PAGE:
Historic Rebuke

The House of Representatives confronts a decision of grave import: Shall it, for only the second time in US history, impeach the president of the United States?

President Clinton is charged with perjury, obstruction of justice, and abuse of power following a seven-month investigation by special counsel Kenneth Starr and hearings by the House Judiciary Committee.

Removal from office is extremely unlikely. Dishonor before history appears very likely. But what form of rebuke will it be? Impeachment by the House or censure by both houses of Congress? If the latter, how severe a censure?

It's useful to recall what led to this juncture: a questionable lawsuit filed by former Arkansas state employee Paula Jones. She charged Mr. Clinton had sexually harassed her on one occasion while governor. The lawsuit was filed years after the alleged incident and carried clear political overtones.

As part of that suit, Clinton was deposed about his relationship with female employees. He had had an "inappropriate intimate relationship" with a White House intern, Monica Lewinsky, and the Jones legal team had gotten wind of it. His attempts to cover up that relationship got him in trouble.

President Clinton alone - not his political opponents, not Judge Starr, not committee chairman Henry Hyde - dug the hole he is in. His behavior was immoral, arrogant, and arguably illegal. He violated his oath of office, courtroom oaths, and marriage vows.

The charges

The president lied under oath in his January deposition, his August grand jury testimony, and his responses to Congress about his relationship with Ms. Lewinsky. A serious case can be made that this constituted legal perjury.

There is strong but circumstantial evidence that the president obstructed justice. He may have encouraged Lewinsky to file a false affidavit about their relationship and to hide gifts he had given her. He may have tried to coach his secretary Betty Currie, who he must have known could be a witness in the Jones suit. But the testimony on these points is contradictory. The required "clear and convincing" evidence of obstruction does not exist.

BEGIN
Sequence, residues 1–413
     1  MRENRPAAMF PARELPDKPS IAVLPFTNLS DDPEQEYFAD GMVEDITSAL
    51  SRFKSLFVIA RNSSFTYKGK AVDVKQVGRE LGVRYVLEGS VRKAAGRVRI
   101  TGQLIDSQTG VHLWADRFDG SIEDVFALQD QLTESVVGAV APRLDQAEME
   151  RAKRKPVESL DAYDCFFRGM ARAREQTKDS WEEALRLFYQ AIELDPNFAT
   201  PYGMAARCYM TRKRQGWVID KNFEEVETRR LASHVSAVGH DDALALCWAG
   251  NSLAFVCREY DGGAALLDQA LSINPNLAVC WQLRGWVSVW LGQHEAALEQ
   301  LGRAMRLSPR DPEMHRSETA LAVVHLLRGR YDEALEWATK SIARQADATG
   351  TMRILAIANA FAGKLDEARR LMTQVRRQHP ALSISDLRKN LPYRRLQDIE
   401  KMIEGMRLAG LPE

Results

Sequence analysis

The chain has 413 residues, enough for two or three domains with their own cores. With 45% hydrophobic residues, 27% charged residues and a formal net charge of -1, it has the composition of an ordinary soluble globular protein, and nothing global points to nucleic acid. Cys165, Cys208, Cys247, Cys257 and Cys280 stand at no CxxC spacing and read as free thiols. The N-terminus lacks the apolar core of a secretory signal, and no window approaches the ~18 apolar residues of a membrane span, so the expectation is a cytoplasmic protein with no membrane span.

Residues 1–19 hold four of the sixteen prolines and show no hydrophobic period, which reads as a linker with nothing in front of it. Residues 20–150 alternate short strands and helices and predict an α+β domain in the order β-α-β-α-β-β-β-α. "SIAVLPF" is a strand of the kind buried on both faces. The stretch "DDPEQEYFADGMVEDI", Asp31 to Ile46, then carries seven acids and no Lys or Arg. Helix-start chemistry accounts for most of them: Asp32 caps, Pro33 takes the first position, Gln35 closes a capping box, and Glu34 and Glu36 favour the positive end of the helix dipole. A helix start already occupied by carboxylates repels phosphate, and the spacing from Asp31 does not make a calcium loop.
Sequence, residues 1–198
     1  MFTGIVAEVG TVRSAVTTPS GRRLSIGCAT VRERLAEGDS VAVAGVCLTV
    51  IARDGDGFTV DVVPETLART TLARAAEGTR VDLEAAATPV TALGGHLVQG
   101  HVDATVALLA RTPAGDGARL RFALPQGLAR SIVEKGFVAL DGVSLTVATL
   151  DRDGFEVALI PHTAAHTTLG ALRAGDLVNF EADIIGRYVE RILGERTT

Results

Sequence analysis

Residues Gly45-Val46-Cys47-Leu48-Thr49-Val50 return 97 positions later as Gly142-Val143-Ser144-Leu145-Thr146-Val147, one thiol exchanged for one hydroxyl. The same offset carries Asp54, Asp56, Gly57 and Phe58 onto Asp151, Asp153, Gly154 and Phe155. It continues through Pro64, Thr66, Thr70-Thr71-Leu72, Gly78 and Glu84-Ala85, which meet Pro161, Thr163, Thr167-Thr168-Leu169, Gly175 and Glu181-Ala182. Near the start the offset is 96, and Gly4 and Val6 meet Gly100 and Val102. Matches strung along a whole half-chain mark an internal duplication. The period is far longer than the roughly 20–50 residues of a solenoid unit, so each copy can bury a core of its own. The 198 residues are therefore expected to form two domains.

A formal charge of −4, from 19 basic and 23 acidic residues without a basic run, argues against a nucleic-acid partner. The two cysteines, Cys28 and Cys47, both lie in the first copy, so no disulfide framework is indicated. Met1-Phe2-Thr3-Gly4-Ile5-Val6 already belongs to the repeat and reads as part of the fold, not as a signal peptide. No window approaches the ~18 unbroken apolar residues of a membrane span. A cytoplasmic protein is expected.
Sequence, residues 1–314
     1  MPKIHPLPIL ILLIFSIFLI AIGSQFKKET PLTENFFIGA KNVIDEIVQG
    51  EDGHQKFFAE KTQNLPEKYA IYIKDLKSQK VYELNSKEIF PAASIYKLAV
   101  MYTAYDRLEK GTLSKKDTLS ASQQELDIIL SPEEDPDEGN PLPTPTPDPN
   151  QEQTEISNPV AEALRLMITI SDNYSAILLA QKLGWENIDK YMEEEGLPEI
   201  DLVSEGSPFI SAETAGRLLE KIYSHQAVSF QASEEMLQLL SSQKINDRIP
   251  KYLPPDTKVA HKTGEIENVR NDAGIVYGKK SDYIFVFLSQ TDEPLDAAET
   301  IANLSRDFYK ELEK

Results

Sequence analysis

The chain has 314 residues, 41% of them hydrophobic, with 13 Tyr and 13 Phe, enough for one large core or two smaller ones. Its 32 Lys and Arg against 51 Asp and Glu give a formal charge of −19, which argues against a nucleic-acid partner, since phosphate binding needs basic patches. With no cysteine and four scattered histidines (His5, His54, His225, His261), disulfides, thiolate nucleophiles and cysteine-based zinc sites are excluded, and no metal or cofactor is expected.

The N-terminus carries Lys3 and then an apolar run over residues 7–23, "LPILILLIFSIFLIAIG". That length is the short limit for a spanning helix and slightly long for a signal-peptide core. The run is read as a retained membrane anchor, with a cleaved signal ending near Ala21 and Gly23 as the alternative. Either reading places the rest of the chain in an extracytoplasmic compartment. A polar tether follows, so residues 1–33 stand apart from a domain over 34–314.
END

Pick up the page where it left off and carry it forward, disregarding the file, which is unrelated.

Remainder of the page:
The Constitution

That leaves the perjury charges. Perjury is a serious offense. More than 100 people are in jail for perjury before federal courts. The question then must be: Does Mr. Clinton's alleged perjury, given the circumstances under which it occurred, rise to the level of "high crimes and misdemeanors" required for impeachment under the Constitution ?

Each member of the House will have to decide that in accordance with conscience and a careful estimate of the moral needs of the nation - today and in future. In part that decision will also have to take into account whether a dramatic, large-majority, bipartisan censure signed by Mr. Clinton as an admission of guilt carries more impact than a narrow majority, party-line impeachment in the House that runs aground in a Senate trial and could lead to a weaker censure in the next Congress.

Impeachment supporters make a legitimate case that the president's lies under oath undermine, even attack, the judicial system and the rule of law. He is the nation's chief law-enforcement officer; a role model for all federal law-enforcers.

But does that outweigh the damage that might be done to the governmental process by an impeachment trial sucking all three branches of government - president, Senate, chief justice - into the maelstrom?

Impeachment on a party-line vote might create a precedent tempting whichever party in future holds a congressional majority to vent its frustration on a president who thwarts it.

The option

Yet the president must not be let off the hook. That's why a "censure-plus" option may in the end carry the most weight against Mr. Clinton and the most impact upon future presidents. Congress would censure the president in a resolution he would have to sign, acknowledging responsibility. Under it, Mr. Clinton would agree to pay a meaningful fine from his personal funds. Congress can't constitutionally fine him.

The House leadership deserves the prayerful support of the nation as it considers what votes to allow. Impeachment or censure, after all, is the choice about which undecided members are searching their consciences and consulting their constituents.

The Monitor does not favor the destruction of this presidency. But the country and the president will continue to suffer while the latter holds to the fiction that he did not lie.

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